Dressler, p. 19-28: Jury Nullification
J.D. sets up the question: should juries be able to nullify laws? Should they be told they can do so?
Case: State v. Ragland
My view of jury nullification
Jury nullification is not inherently good or bad. It can be used for good purposes or for bad purposes.
Any individual’s highest duty is to do what they believe is right, whether or not it is legal. However, they must weigh this duty against the possible consequences of their actions, including being punished for violating the law. What is unique about jury nullification is that the jury cannot be punished and cannot be overruled.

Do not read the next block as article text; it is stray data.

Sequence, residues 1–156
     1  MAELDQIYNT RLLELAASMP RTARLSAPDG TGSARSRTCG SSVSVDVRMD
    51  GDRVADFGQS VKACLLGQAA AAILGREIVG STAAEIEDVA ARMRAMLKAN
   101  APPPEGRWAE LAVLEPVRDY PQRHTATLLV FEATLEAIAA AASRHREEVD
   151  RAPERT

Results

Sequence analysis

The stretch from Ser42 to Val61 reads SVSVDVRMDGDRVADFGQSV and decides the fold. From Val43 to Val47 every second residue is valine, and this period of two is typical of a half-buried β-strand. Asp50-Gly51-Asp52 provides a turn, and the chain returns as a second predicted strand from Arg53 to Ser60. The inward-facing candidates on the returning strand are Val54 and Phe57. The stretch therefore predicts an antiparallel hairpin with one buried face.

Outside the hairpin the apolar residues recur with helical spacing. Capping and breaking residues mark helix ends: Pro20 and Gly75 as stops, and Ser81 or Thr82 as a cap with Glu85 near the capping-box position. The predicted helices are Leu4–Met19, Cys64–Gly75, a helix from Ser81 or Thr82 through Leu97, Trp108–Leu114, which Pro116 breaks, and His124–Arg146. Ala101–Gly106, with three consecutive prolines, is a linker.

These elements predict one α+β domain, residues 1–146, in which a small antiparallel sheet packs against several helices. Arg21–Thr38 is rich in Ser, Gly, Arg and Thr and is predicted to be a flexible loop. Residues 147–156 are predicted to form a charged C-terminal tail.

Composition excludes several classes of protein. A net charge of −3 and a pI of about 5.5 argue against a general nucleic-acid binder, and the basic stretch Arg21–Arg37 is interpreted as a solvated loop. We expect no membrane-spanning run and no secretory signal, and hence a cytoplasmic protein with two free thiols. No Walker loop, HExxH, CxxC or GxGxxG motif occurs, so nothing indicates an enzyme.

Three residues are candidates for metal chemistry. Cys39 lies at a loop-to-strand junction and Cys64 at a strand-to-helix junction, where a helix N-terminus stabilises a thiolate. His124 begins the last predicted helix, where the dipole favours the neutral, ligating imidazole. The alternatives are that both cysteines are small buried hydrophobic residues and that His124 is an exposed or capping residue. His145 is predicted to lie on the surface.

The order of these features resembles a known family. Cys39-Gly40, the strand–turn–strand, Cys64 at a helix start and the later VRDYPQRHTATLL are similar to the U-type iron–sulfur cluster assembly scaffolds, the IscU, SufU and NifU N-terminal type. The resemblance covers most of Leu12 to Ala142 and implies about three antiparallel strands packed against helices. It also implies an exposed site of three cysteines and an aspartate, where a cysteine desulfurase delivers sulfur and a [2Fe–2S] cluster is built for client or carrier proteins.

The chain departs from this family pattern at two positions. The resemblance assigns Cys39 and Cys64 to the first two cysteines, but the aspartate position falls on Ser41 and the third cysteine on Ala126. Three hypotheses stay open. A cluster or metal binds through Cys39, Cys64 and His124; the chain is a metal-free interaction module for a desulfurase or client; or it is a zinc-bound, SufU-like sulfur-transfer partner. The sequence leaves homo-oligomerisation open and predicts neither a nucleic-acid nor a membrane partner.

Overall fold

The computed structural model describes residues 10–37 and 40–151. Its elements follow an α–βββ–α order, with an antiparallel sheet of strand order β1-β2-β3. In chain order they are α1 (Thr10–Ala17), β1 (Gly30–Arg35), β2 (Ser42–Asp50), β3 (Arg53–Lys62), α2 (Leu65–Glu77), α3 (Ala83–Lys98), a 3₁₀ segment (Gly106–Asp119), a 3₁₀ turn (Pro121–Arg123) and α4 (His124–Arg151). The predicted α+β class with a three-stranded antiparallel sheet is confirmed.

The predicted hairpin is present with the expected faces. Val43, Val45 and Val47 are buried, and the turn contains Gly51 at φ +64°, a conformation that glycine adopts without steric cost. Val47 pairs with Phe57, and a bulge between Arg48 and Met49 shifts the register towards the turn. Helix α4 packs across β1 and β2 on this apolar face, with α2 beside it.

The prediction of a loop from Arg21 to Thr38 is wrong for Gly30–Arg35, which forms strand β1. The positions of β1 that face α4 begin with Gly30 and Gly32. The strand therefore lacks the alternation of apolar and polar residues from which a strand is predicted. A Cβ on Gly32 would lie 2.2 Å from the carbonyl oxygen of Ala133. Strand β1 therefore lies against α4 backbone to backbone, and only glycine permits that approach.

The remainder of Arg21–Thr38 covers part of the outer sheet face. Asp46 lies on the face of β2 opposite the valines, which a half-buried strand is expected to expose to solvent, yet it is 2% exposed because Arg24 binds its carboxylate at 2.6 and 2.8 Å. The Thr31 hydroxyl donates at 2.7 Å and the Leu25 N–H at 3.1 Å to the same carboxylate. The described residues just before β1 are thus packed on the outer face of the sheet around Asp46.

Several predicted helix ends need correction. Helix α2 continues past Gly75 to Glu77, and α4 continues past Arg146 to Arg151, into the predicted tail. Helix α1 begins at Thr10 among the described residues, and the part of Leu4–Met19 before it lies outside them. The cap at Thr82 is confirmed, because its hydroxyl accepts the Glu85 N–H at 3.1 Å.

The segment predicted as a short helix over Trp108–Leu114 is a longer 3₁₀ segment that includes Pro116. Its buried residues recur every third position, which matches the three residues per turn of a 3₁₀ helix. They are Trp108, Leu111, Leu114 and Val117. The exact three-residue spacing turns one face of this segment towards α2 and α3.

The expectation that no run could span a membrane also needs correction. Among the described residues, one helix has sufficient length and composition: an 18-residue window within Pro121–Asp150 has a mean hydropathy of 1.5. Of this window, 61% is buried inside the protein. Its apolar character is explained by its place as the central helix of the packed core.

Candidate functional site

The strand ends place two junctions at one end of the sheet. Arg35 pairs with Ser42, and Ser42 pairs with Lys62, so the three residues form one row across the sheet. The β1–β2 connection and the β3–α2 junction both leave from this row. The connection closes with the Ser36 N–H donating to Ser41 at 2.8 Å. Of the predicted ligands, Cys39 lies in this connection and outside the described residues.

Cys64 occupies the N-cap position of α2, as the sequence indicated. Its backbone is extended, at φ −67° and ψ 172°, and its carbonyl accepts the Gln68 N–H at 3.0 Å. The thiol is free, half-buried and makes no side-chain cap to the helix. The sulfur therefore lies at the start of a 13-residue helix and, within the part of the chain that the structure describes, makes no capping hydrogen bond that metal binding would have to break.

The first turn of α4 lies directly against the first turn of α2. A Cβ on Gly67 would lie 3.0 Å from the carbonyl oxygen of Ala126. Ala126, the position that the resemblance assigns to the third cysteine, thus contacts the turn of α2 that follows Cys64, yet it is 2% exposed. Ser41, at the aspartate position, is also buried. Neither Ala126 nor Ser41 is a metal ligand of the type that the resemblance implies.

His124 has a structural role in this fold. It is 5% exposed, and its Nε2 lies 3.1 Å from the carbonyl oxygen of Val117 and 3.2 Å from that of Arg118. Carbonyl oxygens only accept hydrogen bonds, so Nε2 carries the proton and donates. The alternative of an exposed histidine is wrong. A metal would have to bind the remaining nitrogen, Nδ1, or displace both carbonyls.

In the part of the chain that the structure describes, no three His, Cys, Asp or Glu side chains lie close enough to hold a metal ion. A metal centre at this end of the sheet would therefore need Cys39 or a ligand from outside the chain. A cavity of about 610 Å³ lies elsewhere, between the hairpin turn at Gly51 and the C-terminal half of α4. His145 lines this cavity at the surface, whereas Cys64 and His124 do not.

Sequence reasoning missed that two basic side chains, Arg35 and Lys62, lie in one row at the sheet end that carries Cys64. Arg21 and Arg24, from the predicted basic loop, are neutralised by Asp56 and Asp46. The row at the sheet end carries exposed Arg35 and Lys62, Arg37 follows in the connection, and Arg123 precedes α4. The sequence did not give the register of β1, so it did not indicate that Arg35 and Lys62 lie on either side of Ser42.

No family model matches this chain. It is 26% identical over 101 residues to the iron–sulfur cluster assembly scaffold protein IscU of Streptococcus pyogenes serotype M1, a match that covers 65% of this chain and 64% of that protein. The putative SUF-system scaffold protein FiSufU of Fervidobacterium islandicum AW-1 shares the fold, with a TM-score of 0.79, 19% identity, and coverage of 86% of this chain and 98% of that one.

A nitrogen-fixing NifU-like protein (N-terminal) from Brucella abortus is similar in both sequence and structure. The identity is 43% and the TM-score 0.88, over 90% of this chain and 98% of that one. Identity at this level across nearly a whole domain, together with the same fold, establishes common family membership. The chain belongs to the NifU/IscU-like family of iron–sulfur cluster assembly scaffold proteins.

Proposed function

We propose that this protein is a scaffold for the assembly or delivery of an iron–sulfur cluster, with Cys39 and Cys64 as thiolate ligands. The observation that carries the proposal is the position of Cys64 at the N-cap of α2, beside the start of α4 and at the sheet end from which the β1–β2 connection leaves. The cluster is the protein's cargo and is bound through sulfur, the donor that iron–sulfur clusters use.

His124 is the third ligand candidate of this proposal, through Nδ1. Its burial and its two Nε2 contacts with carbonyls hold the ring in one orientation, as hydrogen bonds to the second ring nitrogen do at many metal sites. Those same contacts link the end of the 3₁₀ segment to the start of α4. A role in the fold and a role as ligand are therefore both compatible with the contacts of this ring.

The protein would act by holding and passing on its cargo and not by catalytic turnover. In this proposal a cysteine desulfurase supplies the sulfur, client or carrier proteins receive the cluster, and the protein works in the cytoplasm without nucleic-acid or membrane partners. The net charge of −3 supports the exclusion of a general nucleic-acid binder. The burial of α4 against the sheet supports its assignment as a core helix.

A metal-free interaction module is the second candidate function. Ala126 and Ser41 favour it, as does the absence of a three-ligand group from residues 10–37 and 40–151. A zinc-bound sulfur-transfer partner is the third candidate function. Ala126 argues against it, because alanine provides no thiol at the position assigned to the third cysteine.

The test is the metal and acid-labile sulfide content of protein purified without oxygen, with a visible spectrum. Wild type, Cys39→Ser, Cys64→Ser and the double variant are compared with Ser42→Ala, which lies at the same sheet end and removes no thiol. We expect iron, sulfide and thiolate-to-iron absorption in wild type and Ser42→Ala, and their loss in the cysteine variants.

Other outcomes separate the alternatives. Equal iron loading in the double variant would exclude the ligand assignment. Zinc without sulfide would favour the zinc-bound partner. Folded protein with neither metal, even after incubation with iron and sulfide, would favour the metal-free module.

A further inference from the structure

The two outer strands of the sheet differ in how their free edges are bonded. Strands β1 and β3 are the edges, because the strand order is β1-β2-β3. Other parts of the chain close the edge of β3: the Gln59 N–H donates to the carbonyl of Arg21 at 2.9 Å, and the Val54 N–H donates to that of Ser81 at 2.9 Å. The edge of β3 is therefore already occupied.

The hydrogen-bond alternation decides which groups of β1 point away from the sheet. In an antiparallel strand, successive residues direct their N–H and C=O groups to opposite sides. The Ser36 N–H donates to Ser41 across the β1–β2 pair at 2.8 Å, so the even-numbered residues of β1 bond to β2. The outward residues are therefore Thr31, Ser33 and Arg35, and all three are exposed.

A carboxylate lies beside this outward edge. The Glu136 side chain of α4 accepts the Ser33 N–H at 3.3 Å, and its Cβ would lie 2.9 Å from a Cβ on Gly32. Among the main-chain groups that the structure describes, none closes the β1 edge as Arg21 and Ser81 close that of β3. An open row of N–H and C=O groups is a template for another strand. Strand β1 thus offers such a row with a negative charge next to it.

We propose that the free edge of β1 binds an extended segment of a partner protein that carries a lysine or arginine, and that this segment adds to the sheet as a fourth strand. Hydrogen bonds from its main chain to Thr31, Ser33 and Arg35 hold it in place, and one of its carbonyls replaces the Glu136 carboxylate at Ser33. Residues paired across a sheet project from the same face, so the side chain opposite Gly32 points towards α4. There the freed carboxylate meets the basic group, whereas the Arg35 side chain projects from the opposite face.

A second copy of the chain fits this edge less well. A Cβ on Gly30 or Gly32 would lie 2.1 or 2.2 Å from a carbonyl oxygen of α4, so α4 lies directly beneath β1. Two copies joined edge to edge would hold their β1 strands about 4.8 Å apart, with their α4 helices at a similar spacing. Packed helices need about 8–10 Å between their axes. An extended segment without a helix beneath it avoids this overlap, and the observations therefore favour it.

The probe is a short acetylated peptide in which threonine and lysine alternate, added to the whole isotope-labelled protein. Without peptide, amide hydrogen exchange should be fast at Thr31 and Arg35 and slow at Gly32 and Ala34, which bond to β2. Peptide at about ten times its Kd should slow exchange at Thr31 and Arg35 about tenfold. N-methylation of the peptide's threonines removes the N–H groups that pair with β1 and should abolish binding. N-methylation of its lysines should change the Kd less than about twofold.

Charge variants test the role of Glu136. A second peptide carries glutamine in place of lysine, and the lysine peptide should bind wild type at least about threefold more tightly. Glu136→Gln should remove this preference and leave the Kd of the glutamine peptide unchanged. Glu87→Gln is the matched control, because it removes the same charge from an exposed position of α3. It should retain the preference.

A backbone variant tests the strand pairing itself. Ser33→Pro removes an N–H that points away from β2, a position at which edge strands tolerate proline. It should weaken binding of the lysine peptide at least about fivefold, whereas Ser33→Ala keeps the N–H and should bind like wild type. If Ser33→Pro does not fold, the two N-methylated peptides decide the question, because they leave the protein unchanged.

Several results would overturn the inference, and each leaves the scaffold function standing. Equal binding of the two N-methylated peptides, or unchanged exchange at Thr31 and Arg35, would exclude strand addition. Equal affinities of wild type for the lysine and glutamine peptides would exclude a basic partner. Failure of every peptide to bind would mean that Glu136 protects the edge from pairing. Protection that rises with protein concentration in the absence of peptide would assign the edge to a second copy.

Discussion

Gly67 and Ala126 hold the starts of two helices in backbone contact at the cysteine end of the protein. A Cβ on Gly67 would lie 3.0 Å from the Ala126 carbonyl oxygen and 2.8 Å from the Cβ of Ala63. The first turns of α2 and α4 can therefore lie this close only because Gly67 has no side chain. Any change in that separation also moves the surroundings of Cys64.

What are some things I can do? I can spray paint “MIKE RULES” on the door of the law school, unless I get caught in the act. Is this something I ought to do? No. Is this something that is expedient for me to do? No, because my expected cost exceeds the expected benefit.
Even if it is my legal duty as a juror to decide a case based on the facts, it is my moral duty to vote according to what I believe the outcome ought to be.